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No. 2 Maryland women’s lacrosse vs. No. 4 Syracuse preview

The Terps will face their first big test on Friday.

Erin Tudryn/Maryland Athletics

Maryland women’s lacrosse gave its fans something to relish this past Saturday: a victory in its home opener.

In a 15-5 rout of the Saint Joseph’s Hawks, Maryland displayed few weaknesses, albeit against a weaker nonconference opponent. On offense, it outshot the Hawks by 21 and had nine different goal scorers. For the most part, its defense was extremely well-connected, forcing turnovers and attacking ball-carriers with an attitude.

On Tuesday, sophomore defender Kennedy Major described the Terps’ defense, stating, “[We’re] really tenacious, hungry and hard working on and off the ball. I think everyone’s IQ is up there.”

Now, in only the second week of the season, the Terps face what could be their most formidable opponent of the season yet — the fourth-ranked Syracuse Orange.

In their first match of the season, the Orange went toe-to-toe with Northwestern, one of Maryland’s most daunting enemies in the Big Ten. In the end, they emerged victorious by a score of 16-15.

An impressive showing, Syracuse improved to No. 4 in the national rankings, while Maryland remained at No. 2. This game should serve as a barometer for where these two squads lie in the pantheon of women’s college lacrosse.

Friday’s game will kick off at 3 p.m. and stream on ACCNX.

Syracuse Orange (1-0, 0-0 ACC)

2022 record: 15-6, 6-2 ACC

Head coach Kayla Treanor is one of the youngest to hold her position in the nation. An attacker with Syracuse from 2013-16, Treanor was a four-time All-American and was named ACC Player of the Year in three consecutive seasons. She graduated as one of the best players in program history. Aside from her playing career, Treanor had a couple prior assistant coaching gigs, including one season at Harvard and four at Boston College. At the latter of her stops, she acquired a national championship and had the opportunity to develop some of the best women’s lacrosse players of all time, including Charlotte North.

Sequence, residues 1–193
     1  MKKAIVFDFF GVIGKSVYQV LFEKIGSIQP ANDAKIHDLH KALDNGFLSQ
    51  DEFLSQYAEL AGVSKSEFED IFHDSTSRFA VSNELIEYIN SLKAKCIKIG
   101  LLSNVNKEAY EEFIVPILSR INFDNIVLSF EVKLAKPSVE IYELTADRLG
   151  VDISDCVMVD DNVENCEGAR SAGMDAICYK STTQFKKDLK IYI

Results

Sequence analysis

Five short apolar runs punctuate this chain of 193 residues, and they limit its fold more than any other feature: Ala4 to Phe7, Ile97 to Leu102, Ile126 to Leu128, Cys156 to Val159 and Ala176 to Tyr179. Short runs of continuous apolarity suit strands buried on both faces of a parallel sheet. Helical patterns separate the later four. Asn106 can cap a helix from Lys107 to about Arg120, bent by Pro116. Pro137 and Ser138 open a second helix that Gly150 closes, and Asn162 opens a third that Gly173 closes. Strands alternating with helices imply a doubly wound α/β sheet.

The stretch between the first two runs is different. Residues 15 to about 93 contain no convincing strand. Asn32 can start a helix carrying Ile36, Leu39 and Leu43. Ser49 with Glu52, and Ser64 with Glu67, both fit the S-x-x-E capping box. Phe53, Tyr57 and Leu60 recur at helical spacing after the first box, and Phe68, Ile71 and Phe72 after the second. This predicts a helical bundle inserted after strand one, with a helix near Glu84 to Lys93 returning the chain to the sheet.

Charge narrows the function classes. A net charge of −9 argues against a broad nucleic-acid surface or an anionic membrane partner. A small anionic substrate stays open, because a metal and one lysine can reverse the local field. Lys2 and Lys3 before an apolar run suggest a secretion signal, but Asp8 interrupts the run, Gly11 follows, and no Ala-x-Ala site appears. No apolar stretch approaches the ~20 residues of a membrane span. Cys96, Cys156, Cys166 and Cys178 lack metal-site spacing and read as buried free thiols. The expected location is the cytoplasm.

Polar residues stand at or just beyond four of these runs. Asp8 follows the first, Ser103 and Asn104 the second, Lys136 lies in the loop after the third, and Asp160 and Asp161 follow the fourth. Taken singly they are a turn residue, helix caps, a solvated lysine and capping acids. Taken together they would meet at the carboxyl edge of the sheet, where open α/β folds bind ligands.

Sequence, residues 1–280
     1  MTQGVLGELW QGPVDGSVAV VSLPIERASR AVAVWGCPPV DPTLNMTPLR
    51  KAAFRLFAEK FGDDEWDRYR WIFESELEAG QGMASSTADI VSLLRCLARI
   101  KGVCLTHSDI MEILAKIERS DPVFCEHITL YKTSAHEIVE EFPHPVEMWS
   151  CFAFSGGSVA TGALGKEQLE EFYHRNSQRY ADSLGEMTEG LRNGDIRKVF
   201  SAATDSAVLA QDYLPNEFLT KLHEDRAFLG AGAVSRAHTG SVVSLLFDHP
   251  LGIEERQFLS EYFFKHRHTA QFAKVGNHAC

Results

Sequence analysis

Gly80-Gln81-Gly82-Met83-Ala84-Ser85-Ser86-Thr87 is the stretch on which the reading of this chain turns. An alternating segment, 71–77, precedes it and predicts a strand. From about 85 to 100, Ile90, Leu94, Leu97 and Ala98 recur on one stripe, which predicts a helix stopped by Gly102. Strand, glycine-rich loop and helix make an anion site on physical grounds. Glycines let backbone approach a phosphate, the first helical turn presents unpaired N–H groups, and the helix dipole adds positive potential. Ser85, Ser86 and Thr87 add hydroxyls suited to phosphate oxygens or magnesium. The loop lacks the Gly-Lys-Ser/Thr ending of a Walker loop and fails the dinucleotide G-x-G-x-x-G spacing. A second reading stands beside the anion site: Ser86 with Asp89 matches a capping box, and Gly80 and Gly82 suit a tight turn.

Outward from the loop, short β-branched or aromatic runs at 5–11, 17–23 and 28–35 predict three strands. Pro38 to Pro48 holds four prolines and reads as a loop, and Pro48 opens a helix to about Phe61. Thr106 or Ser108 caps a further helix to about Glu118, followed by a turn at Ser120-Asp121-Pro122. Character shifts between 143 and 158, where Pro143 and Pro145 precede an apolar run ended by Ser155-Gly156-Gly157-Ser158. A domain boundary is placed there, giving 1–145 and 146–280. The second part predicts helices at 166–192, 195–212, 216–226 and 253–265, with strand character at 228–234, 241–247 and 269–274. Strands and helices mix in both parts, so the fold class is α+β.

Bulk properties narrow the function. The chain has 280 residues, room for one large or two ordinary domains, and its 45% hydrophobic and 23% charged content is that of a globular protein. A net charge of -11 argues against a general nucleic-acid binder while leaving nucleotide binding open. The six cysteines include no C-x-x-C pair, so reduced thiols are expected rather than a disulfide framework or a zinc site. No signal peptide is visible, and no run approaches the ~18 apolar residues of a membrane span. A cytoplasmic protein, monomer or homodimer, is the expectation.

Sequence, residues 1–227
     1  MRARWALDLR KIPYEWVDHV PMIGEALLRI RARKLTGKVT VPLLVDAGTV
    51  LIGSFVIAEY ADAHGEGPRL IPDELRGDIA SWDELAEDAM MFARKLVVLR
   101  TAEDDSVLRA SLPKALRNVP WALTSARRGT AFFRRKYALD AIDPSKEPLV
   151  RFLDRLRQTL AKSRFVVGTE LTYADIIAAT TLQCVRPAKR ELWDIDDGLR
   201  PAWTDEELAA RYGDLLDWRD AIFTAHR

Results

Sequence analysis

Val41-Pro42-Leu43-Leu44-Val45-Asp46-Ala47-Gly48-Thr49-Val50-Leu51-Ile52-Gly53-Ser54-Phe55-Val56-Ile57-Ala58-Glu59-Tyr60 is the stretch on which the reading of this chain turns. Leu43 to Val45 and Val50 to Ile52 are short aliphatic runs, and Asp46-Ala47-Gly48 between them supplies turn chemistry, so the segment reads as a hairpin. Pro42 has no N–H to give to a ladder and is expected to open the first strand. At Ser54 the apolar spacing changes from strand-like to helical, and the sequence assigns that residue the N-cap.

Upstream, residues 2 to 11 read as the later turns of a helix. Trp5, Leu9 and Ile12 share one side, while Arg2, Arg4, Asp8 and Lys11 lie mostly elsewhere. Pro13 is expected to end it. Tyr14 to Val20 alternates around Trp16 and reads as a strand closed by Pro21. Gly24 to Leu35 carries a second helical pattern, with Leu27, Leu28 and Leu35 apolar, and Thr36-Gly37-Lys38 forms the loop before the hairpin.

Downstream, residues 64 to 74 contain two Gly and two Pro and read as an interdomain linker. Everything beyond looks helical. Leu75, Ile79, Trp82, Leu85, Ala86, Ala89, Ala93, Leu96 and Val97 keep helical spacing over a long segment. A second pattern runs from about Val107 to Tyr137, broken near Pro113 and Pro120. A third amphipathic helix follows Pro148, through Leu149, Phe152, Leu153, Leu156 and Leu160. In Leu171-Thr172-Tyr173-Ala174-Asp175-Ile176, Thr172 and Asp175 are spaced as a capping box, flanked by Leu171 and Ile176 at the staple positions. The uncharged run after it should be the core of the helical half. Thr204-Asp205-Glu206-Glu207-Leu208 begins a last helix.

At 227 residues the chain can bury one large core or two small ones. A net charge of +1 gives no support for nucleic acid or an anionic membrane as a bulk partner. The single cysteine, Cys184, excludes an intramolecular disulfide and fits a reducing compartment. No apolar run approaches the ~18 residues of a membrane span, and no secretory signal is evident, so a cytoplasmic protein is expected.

Players to know

Meaghan Tyrrell, graduate attacker, No. 15 — The big news coming out of Syracuse this week was Meaghan Tyrrell winning both ACC and national player of the week awards, as she put up eight points in the team’s victory. That’s no small feat, but nothing Tyrrell does is small. Last season, she was a Tewaaraton Award finalist and led the ACC in points per game. She entered this season ranked sixth all-time in points for the Orange and became only the third player in program history to record 100 points in a season twice. Safe to say, Maryland will certainly have its hands full with Tyrrell.

Megan Carney, graduate attacker, No. 22 — Carney has flown under the radar the past few seasons, mostly due to the prowess of elite scorers like Meaghan Tyrrell and Emily Hawryschuk. However, Carney has developed a nice role in the offense, even having been on the Tewaaraton Award watch list multiple times. She’s been productive in all four of her previous seasons with the Orange, always ranking in the top five for goals and assists. With Hawryschuk gone, Carney is primed for the best campaign of her career.